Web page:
The Orbán government has once again exhibited its penchant for “unusual/illegal” business practices. I’m talking about the controversy over the sale of one of the three large paintings, collectively referred to as the Trilogy, that Mihály Munkácsy (1844-1900) worked on between 1882 and 1896. The three huge canvases (25m²) depict Christ’s final days: Christ before Pilate, Golgotha, and Ecce Homo. Currently, all three can be seen in the Déri Múzeum in Debrecen. Two of the paintings are on permanent display but Golgotha is on loan and owned by Imre Pákh, an American-Hungarian businessman with a fascination for Munkácsy.  The attraction might stem from the fact that both men were born in Munkács/Mukachevo, now in Ukraine.

Imre Pákh is no stranger to Hungarian Spectrum. He was featured twice. Once as a possible benefactor of the extreme right in Hungary and once as a businessman financing a quack named Professor Yuliy V. Baltaytis, who ran a clinic practicing stem cell “therapy.” In fact, it was only a few days ago that Pákh was found guilty in connection with that case and received a ten-month suspended sentence.

Pákh most likely has the largest collection of Munkácsy paintings in the world, 53 in all. A few years ago, he lent Golgotha to the museum in Debrecen so that the three pieces could again be exhibited together, as they were supposed to be when the idea was originally conceived. The Hungarian government was quite satisfied with the arrangement because Munkácsy over the last fifty years or so had been elevated to the status of the national painter.

It is true that Munkácsy was extremely popular when he first appeared in Paris in the 1860s, and eventually he became something of an artistic star. If you ask knowledgeable art historians, however, they will tell you that Munkácsy is greatly overrated. He was a mediocre painter who even in his own lifetime was considered to be outmoded. He was still painting in the style of the Barbizon School when even impressionism was already passé in France.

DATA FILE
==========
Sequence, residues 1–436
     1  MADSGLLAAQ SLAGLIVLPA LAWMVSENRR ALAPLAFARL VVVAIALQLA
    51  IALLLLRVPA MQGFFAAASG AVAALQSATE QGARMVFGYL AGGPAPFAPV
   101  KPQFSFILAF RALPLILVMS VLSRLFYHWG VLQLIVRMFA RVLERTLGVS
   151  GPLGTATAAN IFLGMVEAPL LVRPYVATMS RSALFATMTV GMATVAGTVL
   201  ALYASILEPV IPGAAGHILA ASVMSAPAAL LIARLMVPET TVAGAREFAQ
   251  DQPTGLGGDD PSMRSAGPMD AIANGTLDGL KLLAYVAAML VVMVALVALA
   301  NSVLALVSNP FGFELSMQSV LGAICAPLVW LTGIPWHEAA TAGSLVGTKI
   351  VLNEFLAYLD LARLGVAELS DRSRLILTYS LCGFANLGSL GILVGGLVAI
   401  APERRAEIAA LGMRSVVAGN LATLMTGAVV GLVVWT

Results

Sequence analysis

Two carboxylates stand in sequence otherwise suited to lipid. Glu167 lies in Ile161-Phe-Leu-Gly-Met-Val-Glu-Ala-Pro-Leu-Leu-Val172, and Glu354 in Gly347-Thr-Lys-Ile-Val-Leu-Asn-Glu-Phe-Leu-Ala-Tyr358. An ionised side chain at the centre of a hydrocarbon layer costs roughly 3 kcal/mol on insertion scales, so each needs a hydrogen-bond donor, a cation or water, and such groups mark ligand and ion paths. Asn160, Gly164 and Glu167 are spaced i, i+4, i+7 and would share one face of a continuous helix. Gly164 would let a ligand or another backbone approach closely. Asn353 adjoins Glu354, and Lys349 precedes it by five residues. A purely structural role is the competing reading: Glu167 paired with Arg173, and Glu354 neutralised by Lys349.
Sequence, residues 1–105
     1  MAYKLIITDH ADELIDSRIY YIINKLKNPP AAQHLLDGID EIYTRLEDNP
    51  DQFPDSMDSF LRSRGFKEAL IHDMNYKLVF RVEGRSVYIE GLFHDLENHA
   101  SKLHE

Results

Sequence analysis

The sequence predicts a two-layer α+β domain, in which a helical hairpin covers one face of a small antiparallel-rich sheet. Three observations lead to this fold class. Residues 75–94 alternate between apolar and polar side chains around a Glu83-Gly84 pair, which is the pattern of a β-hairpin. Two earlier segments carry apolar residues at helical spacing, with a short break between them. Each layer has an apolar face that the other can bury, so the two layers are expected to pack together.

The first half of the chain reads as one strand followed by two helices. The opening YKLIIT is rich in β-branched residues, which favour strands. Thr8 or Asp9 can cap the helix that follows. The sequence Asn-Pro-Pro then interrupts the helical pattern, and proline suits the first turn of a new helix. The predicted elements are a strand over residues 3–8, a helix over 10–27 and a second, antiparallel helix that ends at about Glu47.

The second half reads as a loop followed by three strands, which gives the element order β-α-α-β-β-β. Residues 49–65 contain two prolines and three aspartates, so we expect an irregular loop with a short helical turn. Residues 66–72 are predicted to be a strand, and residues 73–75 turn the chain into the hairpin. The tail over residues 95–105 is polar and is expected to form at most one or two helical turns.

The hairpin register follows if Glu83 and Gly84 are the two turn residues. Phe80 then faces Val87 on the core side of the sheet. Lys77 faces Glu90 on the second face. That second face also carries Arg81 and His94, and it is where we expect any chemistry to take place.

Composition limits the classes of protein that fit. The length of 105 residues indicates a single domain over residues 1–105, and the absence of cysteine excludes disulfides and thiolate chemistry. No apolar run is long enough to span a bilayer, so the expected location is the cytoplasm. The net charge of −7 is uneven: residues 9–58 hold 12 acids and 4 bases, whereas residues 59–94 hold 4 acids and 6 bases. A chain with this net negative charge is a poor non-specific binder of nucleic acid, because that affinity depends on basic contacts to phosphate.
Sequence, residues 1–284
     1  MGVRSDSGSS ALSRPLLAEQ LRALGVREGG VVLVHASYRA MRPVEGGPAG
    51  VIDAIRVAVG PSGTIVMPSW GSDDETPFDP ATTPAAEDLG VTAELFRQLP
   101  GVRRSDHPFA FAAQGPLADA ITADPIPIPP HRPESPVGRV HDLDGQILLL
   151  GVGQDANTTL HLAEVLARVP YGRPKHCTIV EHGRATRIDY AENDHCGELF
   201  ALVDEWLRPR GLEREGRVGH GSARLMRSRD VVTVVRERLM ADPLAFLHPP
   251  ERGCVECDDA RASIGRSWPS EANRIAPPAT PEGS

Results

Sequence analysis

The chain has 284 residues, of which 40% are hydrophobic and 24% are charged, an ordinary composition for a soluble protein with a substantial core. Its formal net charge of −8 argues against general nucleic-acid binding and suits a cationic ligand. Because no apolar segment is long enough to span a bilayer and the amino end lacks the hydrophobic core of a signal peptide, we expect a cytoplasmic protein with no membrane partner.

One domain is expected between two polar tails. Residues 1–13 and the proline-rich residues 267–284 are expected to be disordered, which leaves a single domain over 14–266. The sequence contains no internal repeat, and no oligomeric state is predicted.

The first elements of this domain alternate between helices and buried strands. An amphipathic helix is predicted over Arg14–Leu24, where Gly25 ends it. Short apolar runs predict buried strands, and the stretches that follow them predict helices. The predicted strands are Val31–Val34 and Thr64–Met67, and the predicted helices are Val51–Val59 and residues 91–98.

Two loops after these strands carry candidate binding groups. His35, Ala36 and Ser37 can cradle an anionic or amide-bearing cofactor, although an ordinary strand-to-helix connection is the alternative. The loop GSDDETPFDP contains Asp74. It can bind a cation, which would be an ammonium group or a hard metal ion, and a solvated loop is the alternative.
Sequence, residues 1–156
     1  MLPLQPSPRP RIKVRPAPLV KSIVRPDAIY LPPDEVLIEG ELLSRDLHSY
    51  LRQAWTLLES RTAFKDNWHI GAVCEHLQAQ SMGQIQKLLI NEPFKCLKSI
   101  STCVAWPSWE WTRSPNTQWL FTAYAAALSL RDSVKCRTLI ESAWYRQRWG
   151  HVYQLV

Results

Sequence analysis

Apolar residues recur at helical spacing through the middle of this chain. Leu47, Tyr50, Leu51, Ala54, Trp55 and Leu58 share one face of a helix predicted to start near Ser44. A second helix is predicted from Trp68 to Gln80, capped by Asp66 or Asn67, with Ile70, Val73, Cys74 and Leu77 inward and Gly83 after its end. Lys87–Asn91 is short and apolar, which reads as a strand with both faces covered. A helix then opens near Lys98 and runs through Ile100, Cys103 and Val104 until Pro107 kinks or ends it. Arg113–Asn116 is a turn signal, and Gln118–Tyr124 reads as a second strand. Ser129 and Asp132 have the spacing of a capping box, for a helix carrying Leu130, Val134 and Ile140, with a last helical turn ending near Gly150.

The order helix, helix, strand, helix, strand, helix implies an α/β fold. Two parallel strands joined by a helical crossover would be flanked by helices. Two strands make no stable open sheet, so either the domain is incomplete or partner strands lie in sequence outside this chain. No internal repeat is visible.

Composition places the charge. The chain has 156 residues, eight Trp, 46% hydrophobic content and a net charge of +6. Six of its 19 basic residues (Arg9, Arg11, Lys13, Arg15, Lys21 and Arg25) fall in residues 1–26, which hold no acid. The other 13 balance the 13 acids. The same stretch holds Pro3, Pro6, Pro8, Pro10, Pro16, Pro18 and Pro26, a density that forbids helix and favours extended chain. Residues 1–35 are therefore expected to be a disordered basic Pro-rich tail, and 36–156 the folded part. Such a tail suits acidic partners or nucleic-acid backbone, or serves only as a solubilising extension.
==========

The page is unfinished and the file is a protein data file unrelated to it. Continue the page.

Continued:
Munkácsy’s art also suffered from his attraction to the material pleasures of life. He was ready to sell his talent to the highest bidder. In fact, one of his “business ventures” is behind the birth of the Trilogy. He signed a ten-year contract with an Austrian-born art dealer, Charles Sedelmeyer, from whom received a large monthly salary. It was he who came up with the idea of three large paintings about the death of Jesus Christ. Once all three were painted, the two organized tours of the paintings in various large cities of Europe. It was a simple business venture: to collect as much money as possible from entrance fees. Eventually the three paintings were bought by John Wanamaker, an American millionaire, who exhibited them at Easter time in his Philadelphia department store.

Pákh lent Golgotha to the Déri Múzum with the understanding that the Hungarian government would purchase it to make the set complete. He now claims that two years ago two officials of the prime minister’s office shook hands with him on a price of $9 million. Subsequently, however, Pákh learned that he would have to negotiate with the Hungarian National Bank over the price. The bank considers the earlier arrangement null and void. And it refuses to pay more than $6 million for the painting because it paid about $6 million to acquire Christ before Pilate from the Art Gallery of Hamilton (Canada) in January of this year. Moreover, the Hungarians claim that three Hungarian experts consider the picture not worth the price Pákh was asking. Pákh’s answer is that he was not allowed to see the estimates, but he knows that they are not really independent appraisers. Moreover, one could argue, quite independently of its artistic merit, that this piece is more valuable than the one purchased from the art gallery in Hamilton, Ontario, because it completes the set.

Mihály Munkácsy's Trilogy in the Déri Múzum in Debrecen

Mihály Munkácsy’s Trilogy in the Déri Múzum in Debrecen